Over a century old, a dramatic cliff-face walk in Islandmagee reopened yesterday. Charlie Warmington took an incredible journey on the re-imagined Gobbins Path
If Finn MacCool applied today for planning permission for his Giant’s Causeway he’d probably be turned down on the grounds that it’s too repetitive!
“All those stones are the same shape,” the planning officer would suggest, “people will get bored. And there’s definitely a big problem with rising damp!”
Another giant, Berkeley Deane Wise, similarly raised a few official eyebrows at the turn of the 20th century when he came up with the idea for his Gobbins path at Islandmagee.
Mr Wise, a ‘giant of engineering’ and chief engineer of the Belfast and Northern Counties Railway Company, believed that the Gobbins scenery rivalled anywhere else in the world.
But no one could see the soaring cliffs, deep caves and spectacular rock formations except fishermen from their boats.
Berkeley’s beautiful, basalt wonder-of-the-world was inaccessible, except to its ubiquitous seagulls.
So he planned a pathway along, beneath, through and under the 150 to 200 million-year-old, almost vertical and almost impenetrable sea-pounded rocks!
His plan was ingenious – and formidable.
It required detailed surveys, measurements and rock samples. It navigated all the best vantage points.
It crossed the deepest gullies, gripped the steepest cliffs, and embraced the enchanting Seven Sisters caves.
It was a hugely innovative, panoramic trek intended to amaze and astonish Northern Ireland’s train users, because it was the Northern Counties Railway that beckoned Belfast folk to explore their previously unvisited coastline.
Having intricately planned his rocky route, Berkeley Deane Wise’s next problem was to build it!
This was no mean feat - 169 feet to be precise, of sheer cliffs that needed to be scaled by hundreds of workmen hand-chiselling their way along over a mile of isolated, solid, basalt coastline, no matter what the weather and sea conditions!
Berkeley Deane’s almost impossible dream, in the days before mechanised drills, cranes and bulldozers, was fuelled by his absolute belief that the Gobbins rivalled any other natural phenomenon in the world.
Along with his pioneering colleague Edward Cotton, the path was completed and opened to the public in 1902.
It was hugely popular.
Visitors from here and around the world marvelled at the sheer magnitude of the cliffs, at the panoramic views, and at Wise’s brilliant planning and engineering.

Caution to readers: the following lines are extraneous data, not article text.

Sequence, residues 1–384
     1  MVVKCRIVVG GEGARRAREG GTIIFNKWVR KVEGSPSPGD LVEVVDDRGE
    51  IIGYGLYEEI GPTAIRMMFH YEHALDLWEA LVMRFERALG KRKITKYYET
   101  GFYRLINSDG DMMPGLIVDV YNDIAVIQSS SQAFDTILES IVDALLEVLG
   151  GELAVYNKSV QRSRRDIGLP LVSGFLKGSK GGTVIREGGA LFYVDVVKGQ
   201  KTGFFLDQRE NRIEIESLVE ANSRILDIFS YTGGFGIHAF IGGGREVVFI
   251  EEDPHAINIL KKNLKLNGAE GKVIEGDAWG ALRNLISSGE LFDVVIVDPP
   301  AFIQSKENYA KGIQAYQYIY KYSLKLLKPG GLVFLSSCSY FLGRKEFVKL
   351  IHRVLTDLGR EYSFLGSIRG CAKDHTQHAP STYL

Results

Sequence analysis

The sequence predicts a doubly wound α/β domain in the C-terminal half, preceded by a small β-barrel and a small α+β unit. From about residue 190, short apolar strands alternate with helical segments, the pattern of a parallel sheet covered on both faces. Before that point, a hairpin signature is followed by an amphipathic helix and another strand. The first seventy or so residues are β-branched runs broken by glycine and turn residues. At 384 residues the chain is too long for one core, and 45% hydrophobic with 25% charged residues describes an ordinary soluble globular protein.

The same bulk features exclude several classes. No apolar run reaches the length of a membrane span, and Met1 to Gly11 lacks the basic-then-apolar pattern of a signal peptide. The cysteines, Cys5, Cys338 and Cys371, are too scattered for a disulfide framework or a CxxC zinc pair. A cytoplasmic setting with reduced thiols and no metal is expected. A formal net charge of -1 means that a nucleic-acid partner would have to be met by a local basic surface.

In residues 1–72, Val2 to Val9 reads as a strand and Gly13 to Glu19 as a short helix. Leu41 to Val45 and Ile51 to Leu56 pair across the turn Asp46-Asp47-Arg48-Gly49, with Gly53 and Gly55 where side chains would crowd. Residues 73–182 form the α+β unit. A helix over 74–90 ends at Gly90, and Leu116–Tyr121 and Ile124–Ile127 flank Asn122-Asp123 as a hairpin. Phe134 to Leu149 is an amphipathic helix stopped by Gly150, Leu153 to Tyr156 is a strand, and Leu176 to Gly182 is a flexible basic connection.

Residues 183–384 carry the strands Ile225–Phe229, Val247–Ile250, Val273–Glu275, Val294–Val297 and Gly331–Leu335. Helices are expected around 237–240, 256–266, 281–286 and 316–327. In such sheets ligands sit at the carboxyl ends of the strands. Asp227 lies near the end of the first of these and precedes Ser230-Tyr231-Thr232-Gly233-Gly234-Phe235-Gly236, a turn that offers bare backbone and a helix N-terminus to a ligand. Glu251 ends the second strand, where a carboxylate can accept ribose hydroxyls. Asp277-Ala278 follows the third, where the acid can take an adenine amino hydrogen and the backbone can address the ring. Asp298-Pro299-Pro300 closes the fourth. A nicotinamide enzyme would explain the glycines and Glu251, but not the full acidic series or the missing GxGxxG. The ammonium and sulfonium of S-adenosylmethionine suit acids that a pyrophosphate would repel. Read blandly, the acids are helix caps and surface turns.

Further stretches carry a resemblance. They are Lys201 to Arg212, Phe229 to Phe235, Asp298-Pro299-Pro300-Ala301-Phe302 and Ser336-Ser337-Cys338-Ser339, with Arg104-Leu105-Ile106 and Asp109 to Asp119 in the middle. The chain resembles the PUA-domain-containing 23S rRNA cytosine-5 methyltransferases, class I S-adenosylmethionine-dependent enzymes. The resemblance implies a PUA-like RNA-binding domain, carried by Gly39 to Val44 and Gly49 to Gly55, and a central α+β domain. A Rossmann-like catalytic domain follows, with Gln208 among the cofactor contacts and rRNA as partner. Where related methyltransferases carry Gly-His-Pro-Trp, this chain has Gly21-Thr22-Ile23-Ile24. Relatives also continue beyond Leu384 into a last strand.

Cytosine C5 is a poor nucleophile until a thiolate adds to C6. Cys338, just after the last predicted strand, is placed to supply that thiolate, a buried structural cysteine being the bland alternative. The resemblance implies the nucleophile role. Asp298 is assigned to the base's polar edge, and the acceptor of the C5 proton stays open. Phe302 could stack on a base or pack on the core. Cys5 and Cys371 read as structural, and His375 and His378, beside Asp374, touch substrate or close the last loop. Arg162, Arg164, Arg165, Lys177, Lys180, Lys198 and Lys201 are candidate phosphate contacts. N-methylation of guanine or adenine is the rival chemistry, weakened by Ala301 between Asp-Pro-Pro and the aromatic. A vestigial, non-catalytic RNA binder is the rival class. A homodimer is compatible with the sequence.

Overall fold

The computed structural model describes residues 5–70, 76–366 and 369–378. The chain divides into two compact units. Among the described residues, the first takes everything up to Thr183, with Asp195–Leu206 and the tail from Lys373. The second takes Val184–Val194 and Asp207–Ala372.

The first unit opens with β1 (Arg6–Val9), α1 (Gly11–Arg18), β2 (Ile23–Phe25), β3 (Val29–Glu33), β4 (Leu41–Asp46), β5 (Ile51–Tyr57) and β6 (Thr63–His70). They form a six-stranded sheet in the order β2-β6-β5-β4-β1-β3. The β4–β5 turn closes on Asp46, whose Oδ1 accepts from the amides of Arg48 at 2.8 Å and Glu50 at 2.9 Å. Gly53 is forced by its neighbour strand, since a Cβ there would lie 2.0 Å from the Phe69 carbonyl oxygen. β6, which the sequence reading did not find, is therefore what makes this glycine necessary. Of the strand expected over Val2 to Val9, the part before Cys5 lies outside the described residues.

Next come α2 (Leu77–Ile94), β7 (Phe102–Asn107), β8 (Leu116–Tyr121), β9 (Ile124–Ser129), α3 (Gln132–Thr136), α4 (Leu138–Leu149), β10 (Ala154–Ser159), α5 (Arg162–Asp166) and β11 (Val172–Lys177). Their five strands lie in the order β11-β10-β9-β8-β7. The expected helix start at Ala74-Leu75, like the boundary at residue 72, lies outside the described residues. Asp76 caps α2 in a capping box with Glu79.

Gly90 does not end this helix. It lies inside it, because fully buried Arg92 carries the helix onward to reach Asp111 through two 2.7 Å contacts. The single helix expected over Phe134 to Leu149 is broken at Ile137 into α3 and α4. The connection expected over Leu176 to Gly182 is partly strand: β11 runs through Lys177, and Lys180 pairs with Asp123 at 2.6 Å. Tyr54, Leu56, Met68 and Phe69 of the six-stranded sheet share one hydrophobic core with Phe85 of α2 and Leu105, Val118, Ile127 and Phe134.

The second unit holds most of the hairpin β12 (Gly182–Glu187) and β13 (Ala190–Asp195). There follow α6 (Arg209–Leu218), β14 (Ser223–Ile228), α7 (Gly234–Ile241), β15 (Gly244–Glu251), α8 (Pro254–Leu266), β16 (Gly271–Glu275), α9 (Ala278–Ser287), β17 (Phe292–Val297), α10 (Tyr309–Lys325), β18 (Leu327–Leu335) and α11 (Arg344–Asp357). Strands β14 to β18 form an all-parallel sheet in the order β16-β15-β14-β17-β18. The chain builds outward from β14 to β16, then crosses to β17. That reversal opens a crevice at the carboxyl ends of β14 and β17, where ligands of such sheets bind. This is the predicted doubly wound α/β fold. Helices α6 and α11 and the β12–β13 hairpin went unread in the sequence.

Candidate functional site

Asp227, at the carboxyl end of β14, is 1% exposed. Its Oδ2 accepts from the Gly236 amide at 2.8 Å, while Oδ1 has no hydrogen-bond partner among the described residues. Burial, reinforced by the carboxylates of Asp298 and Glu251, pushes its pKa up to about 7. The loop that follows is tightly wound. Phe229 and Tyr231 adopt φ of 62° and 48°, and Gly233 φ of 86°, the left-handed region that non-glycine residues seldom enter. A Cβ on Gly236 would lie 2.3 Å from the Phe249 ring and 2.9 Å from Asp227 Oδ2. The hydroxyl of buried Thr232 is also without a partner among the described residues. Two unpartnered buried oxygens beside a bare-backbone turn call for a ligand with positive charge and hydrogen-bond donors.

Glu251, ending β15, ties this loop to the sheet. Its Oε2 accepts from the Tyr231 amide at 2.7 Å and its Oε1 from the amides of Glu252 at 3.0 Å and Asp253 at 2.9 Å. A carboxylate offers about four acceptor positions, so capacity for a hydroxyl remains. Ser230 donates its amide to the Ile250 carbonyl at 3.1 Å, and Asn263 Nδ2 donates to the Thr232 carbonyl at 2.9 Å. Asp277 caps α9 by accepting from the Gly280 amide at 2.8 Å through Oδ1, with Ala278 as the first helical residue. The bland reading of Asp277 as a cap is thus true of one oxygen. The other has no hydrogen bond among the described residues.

The path was closed during WWII and fell into disrepair.
A section was reopened in 1951 until a massive landfall made it impossible for walkers to complete the trail.
The path was closed again in 1954 and was finally abandoned about seven years later.
Only the most experienced and enthusiastic trekkers, climbers kayakers and abseilers were able to savour (unauthorised!) its almost inaccessible allure until yesterday, when “a reimagined version of Northern Ireland’s best kept secret” was reopened along with a magnificent Visitors Centre.
Larne Borough Council made funds available for the £7.5m project from ratepayers, along with European Union money and with support from Ulster Garden Villages Ltd.
“You are about to be treated to some spectacle,” said centre manager Alastair Bell, stressing the word ‘some’ and with more than a hint of awe in his voice.
I was waiting with several other media folk to embark on the “reimagined version” of a walk described in the 1950s by travel-writer and thespian Richard Hayward a “mile of wonder.”
It’s actually a little under a mile, and while it’s certainly a wonder, it’s definitely not a wander, as was made abundantly clear by our tour guide Mark Robinson!
Handing us multi-coloured, regulation safety helmets, Mark outlined nine ‘tips’ for trekkers, including one requirement that’s not common in today’s newspaper industry – “a basic level of fitness!”
“Wear suitable footwear,” he requested firmly, “and look out for bird poo!”
The importance of the first of Mark’s entreaties became immediately evident when the bus dropped us off several miles from the Visitors Centre – at an unnervingly steep lane that led dizzyingly downwards onto a curving, many-stepped path to Wise’s Eye, the original entrance tunnel to Berkeley Deane’s rock-hewn path.
Mark pointed out the Copeland Islands “which inspired Gulliver’s Travels” and Blackhead Lighthouse “which inspired the Gobbins path.”
The path from Whitehead to the lighthouse is marked with a commemorative stone to Berkeley Deane who transformed the town into a tourist mecca, crowned by the cliff-side path beyond Wise’s Eye.
Dozens of Scarlet Pimpernel flowers peeped flamboyantly from a verge-side framed with nodding blue Harebell “known as the County Antrim flower” explained Mark.
We went through Wise’s Eye where ticket collectors of yore needed a sharp eye because “ladies in long Victorian dresses used to hide their children under their skirts to get them in free.”
“The Gobbins path in total is about 1,000 metres, roughly a mile,” explained Mark “and we’re about a quarter of a mile down from the bus.”
“These boots were made for walking” I hoped grimly as Wise’s Eye opened onto a lengthening vista of steep, undulating rocks and carved stone steps into Hayward’s ‘mile of wonder.”